Canadian firm plans Boone County oil pipeline

An oil pipeline is coming to Boone County. The 30-inch pipe is snaking its way from Alberta, Canada, across Wisconsin and down to the Illinois line. The pipeline is being built by Enbridge, Inc., headquartered in Calgary, Alberta, Canada.

Enbridge is a subsidiary of Embridge, Inc. Enbridge is based in Houston and has right-of-way offices in Stevens Point, Wis., and Sycamore, Ill. Regional offices are in Superior, Wis., And Griffith, Ind.

The company’s Southern Access Program will carry heavy crude oil from the Alberta oil sands down across Boone County, DeKalb County, LaSalle County and Livingston County to a pipeline terminal at Flanagan, Ill.

“We’re in the very early stages of this project,” said Dave Henderson, community relations spokesman for the company. “There are two phases. The first one started last year from Superior to the Delavan pumping station north of Whitewater, Wis. We’ve just begun work on stage two.”

The pipeline is meant to carry 400,000 barrels a day of crude oil from the Alberta oil sands to a point near Chicago where the pipeline will connect with another line called the Spearhead Pipeline, which will carry the oil south to Wood River near St. Louis.

Officials of the affected counties were given information on the proposed right-of-way in February, Henderson said. The company is seeking land surveys along the proposed route and talking with land owners.

Henderson said actual construction will begin in 2008 with oil flowing by 2009. “We have to start this early,” he said, “because of all the surveys and time it takes to get all the permits. We’re trying to avoid developed areas.”

The pipeline would enter Boone County at Beaverton and Stateline roads, according to Henderson, and run down the eastern part of the county into DeKalb County.

Belvidere Mayor Fred Brereton said he had heard little about the project. The city was not notified because the pipeline will be well east of Belvidere. “I heard some of the particulars,” he said. “The city was not notified.”

Dan Cain, director of the Boone County Conservation District, said he was also lacking detailed information. “The only thing I’ve got is what’s on the Internet,” he said. “We’re concerned. Our board is not aware of this. I’m aware of it, but that’s all.” Cain said the matter likely will be presented to the board later this month.

Cain is worried about possible environmental problems with the pipeline, which will be underground. Survey markers already in place show the line may run along the Piscasaw Creek and, perhaps, other waterways.

The oil extracted from the Alberta deposits, also known as tar sands, is found among sand fields. The bitumen yields a heavy, viscous oil that must be processed to convert it to an upgraded oil before it can be refined into gasoline and other products.

Bitumen is 10-12 percent of the oil sands in Alberta. Deposits there are said to be second in size only to the Saudi Arabia oilfields. In 2003, Petro-Canada, which oversees operations in Alberta, called a halt to oil sands development because of rapidly accelerating costs of extracting the oil. Technology has improved since then; and by 2005, oil sands production were expected to go up to about 50 percent of Canada’s total output.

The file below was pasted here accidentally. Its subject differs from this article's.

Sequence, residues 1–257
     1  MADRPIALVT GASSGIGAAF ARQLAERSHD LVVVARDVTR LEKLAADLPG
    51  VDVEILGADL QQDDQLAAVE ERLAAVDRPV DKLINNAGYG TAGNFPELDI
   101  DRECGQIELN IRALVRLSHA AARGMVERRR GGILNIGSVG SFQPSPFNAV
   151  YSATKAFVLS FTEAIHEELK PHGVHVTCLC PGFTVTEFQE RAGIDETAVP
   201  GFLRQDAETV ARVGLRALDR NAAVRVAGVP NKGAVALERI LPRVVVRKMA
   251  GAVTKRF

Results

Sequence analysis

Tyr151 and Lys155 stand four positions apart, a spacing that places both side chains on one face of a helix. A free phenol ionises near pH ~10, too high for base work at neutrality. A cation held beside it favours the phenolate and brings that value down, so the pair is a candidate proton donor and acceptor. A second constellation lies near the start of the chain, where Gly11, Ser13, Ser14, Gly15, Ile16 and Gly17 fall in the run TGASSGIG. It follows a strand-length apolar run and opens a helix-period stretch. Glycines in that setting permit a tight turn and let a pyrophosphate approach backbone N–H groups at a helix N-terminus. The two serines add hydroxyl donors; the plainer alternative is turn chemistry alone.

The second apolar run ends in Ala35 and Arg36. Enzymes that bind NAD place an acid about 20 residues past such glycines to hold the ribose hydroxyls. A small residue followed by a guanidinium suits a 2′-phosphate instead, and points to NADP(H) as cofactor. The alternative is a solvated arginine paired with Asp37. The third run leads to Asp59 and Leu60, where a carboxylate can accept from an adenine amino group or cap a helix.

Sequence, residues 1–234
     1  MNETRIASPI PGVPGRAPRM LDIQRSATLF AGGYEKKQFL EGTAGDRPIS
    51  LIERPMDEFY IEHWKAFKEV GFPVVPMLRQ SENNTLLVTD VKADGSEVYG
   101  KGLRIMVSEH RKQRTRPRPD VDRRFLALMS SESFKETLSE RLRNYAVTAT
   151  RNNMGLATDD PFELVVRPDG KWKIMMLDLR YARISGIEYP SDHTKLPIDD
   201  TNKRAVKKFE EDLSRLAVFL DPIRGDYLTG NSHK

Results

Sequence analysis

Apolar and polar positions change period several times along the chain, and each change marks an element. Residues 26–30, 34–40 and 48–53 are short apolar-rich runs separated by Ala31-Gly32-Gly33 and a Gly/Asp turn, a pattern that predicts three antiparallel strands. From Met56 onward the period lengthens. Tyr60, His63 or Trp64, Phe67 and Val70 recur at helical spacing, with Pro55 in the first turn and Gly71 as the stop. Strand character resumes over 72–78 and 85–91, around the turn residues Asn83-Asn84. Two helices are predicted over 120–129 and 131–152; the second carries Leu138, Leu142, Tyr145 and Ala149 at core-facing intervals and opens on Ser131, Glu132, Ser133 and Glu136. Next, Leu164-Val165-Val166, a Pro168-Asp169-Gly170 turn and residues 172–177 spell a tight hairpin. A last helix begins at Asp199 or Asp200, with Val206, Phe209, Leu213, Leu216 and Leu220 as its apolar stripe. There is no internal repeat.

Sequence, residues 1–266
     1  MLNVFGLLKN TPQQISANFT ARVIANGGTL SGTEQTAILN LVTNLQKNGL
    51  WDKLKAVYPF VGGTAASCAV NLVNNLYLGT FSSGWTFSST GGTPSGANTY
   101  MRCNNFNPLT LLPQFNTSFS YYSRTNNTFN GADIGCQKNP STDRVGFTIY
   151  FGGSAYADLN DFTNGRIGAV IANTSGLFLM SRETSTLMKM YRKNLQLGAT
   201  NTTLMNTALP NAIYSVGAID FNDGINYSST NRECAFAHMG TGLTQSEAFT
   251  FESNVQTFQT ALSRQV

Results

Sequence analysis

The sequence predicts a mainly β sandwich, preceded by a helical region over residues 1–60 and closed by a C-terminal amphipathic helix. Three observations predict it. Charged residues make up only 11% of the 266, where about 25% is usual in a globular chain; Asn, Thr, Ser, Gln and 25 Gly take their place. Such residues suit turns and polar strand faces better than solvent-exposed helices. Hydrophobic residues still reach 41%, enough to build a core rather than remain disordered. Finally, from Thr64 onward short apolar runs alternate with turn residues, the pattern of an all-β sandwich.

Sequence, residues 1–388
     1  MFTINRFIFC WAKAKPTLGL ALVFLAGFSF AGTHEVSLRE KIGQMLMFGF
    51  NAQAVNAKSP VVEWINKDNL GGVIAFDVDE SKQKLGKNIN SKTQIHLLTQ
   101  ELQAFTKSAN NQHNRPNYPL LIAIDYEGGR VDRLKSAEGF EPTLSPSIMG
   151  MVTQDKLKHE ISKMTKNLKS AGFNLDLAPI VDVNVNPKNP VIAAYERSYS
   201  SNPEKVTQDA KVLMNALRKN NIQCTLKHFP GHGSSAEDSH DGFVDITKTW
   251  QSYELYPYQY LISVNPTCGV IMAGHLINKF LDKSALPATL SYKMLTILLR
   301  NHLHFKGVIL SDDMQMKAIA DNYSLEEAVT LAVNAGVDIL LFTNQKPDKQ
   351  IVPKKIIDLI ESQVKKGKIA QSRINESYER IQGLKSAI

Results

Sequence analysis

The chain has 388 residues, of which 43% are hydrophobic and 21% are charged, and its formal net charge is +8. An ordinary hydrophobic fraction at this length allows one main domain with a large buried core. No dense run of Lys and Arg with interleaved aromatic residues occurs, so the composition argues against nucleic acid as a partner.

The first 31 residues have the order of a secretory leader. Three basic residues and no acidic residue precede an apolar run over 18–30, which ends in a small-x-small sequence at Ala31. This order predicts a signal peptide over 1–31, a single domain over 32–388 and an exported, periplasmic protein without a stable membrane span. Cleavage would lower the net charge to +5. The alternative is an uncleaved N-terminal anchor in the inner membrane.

Oil sands must be mined in place, rather than pumped from the ground. The oil is so thick and sticky, it must be diluted before it will flow through a pipeline. The Alberta reserves are estimated at 2,500 Gb (billion barrels).

In addition to the pipeline route mentioned, the company has proposed a future expansion from Flanagan, Ill. to Patoka,Ill., where a major pipeline hub is located. That would allow distribution of crude in several directions through various other pipelines.

The first stage of expansion will add 44,000 barrels per day of capacity next year and an additional 146,000 barrels per day early in 2008. The total cost of the U.S. portion of the expansion was estimated in 2005 at $815 million.

Patrick Daniel, president and CEO of Enbridge, commented: “We’ve worked closely with customers to arrive at the optimum pipeline solution to meet their needs to access markets of choice. The Southern Access expansion is one of the cornerstones of a broader market access strategy undertaken by Enbridge and the Partnership to provide timely, economical, integrated transportation solutions to connect growing supplies of production from Alberta’s oil sands to key refinery markets in the U.S. and beyond.

Daniel added: “The mainline expansion will ensure capacity to Chicago, at favorable tolls, through 2009. With the mainline expansion component of the strategy now under way, our next priority will be to finalize discussions with shippers and CAPP (Canadian Association of Petroleum Producers) on the Southern Access extension. Together, the Southern Access expansion and extension form a pipeline network that will provide lower tolls than any other alternative for transportation of Canadian crude to U.S. destinations beyond Chicago, including Patoka, Wood River, Cushing (Okla.) and the U.S. Gulf Coast.”

Henderson said there will be employment opportunities as construction of the northern Illinois link begins. “The way these projects are done, we have a finite range of time,” he said. “Most of the people we need would be non-employees. The lion’s share would be hired by the construction contractors. A sizeable percentage of people would be hired from local sources.”

He said the project would furnish “a nice economic stimulus” for the area, not only through construction jobs but also by purchases made by workers on the pipeline from local businesses.

From the April 5-11, 2006, issue

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